Art coming out of the woodwork

Sources for artistic inspiration have no end, although linking the 1972 Summit Series with classic sculpture is probably a new one.

Painter Curt Bilson submitted “The Thinker” to the emerging artists show at the Coast Collective gallery.

Sources for artistic inspiration have no end, although linking the 1972 Summit Series with classic sculpture is probably a new one.

Standing tall on a plywood board, famed hockey goalie Ken Dryden is captured in earthy tones in a contemplative moment during the historic Canada-U.S.S.R series nearly 40 years ago.

The painting, called “The Thinker,” is Curt Bilson’s offering for the third annual emerging artists show at the Coast Collective gallery in Colwood.

“I find the ‘72 series a poignant month in Canadian hockey and Canadian history,” said Bilson, a 31-year-old graphic artist. “When you talk about Canadian hockey you go back to that story.

“I enjoy Ken Dryden as an intellectual and becoming a member of parliament. I took that all and coupled it with Rodan’s ‘The Thinker,’ and melded it together.”

The emerging artists show gives new, nervous and upcoming artists a chance to display their work without being subjected to a jury process, and each artist is given constructive feedback.

This year about 40 pieces were entered with varying degrees of quality, said Coast Collective co-founder Deborah Czernecky.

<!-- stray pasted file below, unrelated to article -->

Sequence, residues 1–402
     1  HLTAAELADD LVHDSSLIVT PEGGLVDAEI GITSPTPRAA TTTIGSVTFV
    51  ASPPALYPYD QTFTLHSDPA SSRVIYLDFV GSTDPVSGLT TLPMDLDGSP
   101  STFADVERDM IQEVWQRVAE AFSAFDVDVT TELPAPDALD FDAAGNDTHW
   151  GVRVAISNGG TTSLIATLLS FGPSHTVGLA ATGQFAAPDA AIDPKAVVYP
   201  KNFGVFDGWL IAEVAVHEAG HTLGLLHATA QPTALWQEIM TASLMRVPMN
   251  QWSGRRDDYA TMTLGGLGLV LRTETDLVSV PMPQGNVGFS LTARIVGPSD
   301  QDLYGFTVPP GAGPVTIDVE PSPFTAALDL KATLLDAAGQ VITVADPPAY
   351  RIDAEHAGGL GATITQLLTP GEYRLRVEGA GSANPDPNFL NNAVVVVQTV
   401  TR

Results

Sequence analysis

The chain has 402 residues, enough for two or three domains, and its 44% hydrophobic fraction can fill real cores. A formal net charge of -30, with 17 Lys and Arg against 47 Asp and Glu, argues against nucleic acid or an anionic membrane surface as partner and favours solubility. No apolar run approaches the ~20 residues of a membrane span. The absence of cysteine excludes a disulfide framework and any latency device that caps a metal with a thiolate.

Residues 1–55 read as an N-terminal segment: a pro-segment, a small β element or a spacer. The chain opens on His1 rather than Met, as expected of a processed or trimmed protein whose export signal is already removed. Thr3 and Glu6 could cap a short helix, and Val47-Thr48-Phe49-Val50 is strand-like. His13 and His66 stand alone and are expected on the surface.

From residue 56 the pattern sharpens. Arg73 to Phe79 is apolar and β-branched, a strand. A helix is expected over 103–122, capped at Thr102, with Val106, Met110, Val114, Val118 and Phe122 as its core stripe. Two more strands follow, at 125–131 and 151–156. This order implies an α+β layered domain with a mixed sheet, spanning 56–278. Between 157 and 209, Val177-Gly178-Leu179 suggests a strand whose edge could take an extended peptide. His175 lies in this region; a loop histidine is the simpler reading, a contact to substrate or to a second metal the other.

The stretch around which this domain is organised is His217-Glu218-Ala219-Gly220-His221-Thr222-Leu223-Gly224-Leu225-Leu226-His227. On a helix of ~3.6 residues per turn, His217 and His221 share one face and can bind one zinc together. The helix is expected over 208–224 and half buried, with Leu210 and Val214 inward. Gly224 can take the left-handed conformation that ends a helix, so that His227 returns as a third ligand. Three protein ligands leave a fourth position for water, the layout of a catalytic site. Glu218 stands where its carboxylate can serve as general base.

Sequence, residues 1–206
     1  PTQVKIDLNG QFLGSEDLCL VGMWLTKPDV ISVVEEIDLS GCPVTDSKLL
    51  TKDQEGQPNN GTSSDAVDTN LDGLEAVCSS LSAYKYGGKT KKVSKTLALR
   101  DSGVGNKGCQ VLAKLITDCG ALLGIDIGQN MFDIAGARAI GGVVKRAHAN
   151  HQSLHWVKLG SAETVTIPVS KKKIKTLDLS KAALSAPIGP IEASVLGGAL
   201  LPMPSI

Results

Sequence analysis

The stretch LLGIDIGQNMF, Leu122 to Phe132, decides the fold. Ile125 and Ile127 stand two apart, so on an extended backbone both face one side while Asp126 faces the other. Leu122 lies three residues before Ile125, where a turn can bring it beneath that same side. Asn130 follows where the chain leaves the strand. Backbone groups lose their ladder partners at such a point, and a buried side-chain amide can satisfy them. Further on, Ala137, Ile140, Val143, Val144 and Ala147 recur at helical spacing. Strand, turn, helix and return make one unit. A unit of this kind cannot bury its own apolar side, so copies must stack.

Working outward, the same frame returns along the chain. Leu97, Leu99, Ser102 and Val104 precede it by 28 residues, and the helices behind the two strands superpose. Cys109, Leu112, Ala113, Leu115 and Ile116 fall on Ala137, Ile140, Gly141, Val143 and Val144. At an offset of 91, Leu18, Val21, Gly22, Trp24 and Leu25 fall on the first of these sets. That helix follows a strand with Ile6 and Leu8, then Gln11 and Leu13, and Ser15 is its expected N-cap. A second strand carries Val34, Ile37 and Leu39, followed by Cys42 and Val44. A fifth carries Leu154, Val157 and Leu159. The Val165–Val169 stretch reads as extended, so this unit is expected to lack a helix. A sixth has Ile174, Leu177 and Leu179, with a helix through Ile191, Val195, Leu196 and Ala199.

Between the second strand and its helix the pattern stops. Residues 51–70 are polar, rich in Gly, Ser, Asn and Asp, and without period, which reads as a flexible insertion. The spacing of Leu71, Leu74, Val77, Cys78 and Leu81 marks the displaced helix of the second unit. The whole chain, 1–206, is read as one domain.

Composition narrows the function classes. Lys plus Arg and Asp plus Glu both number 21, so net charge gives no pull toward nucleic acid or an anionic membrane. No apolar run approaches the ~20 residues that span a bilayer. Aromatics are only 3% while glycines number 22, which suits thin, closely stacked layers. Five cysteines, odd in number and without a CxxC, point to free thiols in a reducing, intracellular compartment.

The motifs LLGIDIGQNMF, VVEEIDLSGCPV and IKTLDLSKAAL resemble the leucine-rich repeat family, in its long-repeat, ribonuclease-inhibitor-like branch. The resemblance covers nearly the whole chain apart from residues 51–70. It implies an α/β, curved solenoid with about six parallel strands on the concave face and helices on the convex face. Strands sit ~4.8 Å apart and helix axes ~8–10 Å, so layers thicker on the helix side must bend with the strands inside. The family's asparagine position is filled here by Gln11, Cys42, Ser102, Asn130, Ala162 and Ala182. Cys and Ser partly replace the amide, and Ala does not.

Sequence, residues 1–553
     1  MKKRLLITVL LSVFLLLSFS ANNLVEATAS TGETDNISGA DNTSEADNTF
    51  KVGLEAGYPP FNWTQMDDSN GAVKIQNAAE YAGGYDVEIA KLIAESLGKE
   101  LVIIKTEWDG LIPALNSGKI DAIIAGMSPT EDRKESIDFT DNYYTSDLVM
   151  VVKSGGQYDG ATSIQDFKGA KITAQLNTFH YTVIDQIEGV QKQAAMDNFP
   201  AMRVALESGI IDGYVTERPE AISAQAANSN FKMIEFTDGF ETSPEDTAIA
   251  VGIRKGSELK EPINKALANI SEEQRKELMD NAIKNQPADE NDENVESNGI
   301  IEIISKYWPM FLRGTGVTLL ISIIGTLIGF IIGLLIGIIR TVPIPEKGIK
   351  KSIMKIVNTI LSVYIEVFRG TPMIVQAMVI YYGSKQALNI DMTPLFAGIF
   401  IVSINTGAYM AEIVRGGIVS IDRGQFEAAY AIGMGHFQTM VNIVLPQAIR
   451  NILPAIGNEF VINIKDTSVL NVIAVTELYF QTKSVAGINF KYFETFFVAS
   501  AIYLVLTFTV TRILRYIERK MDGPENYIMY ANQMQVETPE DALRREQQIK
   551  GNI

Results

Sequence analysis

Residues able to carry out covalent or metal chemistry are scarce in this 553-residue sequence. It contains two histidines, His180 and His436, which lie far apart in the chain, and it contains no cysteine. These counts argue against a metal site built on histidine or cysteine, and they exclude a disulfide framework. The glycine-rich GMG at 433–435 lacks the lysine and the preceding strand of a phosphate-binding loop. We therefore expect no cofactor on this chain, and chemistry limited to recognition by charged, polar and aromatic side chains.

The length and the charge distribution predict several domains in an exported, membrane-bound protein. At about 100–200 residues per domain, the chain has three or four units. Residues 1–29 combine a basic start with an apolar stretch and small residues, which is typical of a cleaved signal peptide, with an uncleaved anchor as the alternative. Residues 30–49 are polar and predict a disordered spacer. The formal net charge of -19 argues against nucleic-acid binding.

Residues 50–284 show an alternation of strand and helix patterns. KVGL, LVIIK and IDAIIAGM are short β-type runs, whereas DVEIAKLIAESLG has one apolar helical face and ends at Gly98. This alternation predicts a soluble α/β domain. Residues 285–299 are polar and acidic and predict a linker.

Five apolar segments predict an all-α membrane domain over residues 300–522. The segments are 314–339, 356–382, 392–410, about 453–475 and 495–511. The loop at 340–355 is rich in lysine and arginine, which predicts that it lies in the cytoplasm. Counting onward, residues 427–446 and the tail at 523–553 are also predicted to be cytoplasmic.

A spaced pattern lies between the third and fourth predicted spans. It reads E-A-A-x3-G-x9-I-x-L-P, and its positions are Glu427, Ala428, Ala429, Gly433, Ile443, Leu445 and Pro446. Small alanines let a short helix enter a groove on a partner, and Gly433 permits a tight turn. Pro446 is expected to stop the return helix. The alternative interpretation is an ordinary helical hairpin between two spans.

“The quality of work from these artists is really fantastic, but there are some that are a little weak,” she said. “But most are pretty good.”

After moving from Calgary to Victoria about 18 months ago, Bilson said the Coast Collective show is an excellent way to get exposure to the local art scene. Calgary has an art scene closely linked with large corporate benefactors, he said, but Greater Victoria has more of a grassroots culture.

“In Victoria, more often artists help each other get noticed,” he said. “But the big money isn’t out there, but that’s not what I’m looking for.”

Bilson ditched his canvas and delved into painting acrylic on wood after painting a portrait of “The Band,” whose rustic, rockabilly image seemed to fit the medium.

“Wood is a nice balance to my comic, pop-art style,” said Bilson, who majored in painting at the Alberta College of Art and Design. “Wood makes it not so slippery and commercial. Wood is a nice starting point. Looking at the wood grain you see images come out of it.”

His work characterizes what Czernecky is seeing slowly develop in upcoming artists — younger adults taking on different mediums, and trying to put their work out there. Paintings still dominate the entries and baby boomer artists are a big part of the show, but younger artists are entering modern pieces such as graffiti tag art.

“The graffiti art is interesting and creative. It’s great to see it come in. It’s great to see more younger people come in,” Czernecky said.

Moreover, for the first time the gallery is exhibiting artists from the Lower Mainland, simply because most galleries aren’t offering beginner shows.

“We’re finding we’ve got more artists from off the Island. We certainly weren’t seeing that a year ago,” Czernecky said. “We are the only ones in the area doing emerging artist shows. (The Coast Collective) is willing to try and be opened minded about who comes in.”

The emerging artist show runs until Sunday at the Coast Collective, 3221 Heatherbell Rd. On Sunday Ron Wilson is lecturing on being a professional artist, 3:30 p.m., by donation. See

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